How I made over $100K a year teaching overseas

black expat african american in hong kong how i made 100K teaching overseas

Teaching overseas can be very lucrative– I earned a six figure yearly salary teaching abroad.  Here’s how I did it, and how you can, too.

If you follow my adventures on Instagram or Facebook you’ll know that I travel a lot.  On average, I travel anywhere from 3 to 5 times a month; last year I journeyed to 27 countries for both work and play.

As a travel junkie who is also a full time travel journalist, blogger, and influencer, all this globetrotting is kind of par for the course– it’s not just a passion, but also a job.

Just call me the reindeer whisperer… ? With around 200,000 of the cuddly creatures living in Finnish Lapland, it was only natural that I get up close and personal with them during my stay! Yesterday morning I thus made my way to Kujalan Portila, a reindeer farm located in Kuusamo. It was there that I learned that reindeer are not only cute, but a source of income in the Lapland region– used for meat, fur, and transportation, reindeer are a way of life and not just an attraction. But chances are, if you're a tourist like me, that all you're looking for is a snuggle from Rudolph and his kin. And snuggle I did: at Kujalan Portila I got to hug, cuddle, and whisper sweet nothings into the ears of the gentle beasts until my heart nearly burst! As someone who ADORES animals, this was a wonderful experience I won't soon forget. I know I'll be back at some point — in the wintertime the farm offers reindeer-drawn sleigh rides! Already having visions of dashing through the snow in an open sleigh ? … Have you ever visited a farm on your travels? @alaskaair @feelfinnair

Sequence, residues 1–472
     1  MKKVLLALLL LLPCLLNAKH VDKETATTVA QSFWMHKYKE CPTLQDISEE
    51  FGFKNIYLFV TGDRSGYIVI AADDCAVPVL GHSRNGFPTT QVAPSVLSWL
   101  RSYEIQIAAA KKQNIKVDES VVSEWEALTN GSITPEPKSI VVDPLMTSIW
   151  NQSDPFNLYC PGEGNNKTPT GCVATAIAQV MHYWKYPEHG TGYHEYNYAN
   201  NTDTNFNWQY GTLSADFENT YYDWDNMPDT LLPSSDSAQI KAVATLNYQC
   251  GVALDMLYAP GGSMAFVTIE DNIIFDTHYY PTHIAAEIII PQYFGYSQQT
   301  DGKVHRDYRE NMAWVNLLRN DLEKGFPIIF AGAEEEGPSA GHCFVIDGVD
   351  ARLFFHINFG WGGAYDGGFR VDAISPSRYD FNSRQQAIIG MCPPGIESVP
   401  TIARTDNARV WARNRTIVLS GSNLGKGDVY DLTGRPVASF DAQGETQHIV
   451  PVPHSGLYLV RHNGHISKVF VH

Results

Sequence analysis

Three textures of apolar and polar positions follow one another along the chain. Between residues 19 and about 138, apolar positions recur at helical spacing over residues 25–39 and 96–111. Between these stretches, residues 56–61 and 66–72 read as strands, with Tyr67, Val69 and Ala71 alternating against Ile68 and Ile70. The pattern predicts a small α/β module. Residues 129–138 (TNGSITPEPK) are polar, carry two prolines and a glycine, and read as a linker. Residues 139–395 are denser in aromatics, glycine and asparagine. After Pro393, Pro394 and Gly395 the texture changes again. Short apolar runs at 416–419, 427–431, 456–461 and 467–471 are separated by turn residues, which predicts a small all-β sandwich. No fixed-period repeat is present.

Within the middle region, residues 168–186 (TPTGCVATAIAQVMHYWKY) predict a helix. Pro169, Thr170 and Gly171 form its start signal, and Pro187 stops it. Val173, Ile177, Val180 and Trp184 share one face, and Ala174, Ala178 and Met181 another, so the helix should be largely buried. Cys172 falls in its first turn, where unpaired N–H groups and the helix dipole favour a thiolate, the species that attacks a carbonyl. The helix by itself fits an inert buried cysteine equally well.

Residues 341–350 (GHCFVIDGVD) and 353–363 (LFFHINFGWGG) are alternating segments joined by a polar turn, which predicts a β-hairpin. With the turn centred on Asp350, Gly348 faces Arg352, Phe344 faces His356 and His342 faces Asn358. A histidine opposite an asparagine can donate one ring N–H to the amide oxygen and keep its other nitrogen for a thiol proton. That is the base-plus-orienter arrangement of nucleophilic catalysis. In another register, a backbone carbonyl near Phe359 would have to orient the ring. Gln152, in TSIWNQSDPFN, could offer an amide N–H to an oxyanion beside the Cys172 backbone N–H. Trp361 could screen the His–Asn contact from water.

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But what a lot of people don’t realize is that I’ve only had this current gig for about 18 months. Before that, I had a very successful and lucrative career in international education– one that not only allowed me to travel loads, but also earn a handsome six figure salary, acquire lots of professional development, and benefit from many job-related perks.

While I’ve written a bit about my stints teaching overseas in my blog post “How I afford to travel”, this post will give a more detailed break down of this career path and its financial rewards.

However, I’ll be honest– as most people are loathe to talk about money, I feel slightly uncomfortable about being so candid about my job history and compensation.  With that said, I hope that my transparency will be helpful for others thinking of pursuing opportunities in this field!

So you want to teach overseas?  Here’s what you need to know about teaching abroad

Being a digital nomad may be all the rage right now, but for someone who enjoys working with young people and/or is interested in committing to an overseas destination for at least a year, teaching overseas is where it’s at.  There are so many reasons to teach abroad!

There are two different ways to teach abroad and both of them have their advantages and disadvantages.

Path #1 to teaching overseas/ teaching abroad: Teaching ESL

The first way is to teach ESL or EFL (English as a Second Language or English as a Foreign Language).  In this scenario, you move to the host country (say, Korea) to teach at a language school.  Once there, you’re tasked with teaching English language, grammar, and composition to host nationals of the country (Koreans, in this case).

Qualifications required- In terms of qualifications, usually the only requirements to apply are a university degree and native fluency in English, though, depending on the country, sometimes a CELTA/DELTA certificate, or other specialized training in teaching English as a foreign language, is required.